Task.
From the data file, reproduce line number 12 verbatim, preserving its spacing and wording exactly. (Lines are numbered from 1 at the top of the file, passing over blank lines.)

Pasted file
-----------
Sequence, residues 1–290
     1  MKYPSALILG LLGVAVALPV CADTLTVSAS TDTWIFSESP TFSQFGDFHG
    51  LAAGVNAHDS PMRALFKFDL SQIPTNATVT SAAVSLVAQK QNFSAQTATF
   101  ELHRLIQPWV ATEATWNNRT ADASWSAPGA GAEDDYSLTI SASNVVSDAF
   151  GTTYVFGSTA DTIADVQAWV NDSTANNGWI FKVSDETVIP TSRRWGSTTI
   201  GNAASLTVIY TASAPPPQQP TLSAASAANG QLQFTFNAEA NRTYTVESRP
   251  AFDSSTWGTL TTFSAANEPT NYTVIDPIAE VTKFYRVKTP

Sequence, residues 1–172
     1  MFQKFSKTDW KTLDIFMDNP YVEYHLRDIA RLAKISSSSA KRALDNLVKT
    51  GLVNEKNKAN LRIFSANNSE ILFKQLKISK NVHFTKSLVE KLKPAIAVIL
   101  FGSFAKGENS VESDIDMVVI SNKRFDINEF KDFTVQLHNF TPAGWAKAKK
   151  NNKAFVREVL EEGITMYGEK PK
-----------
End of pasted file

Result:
   151  NNKAFVREVL EEGITMYGEK PK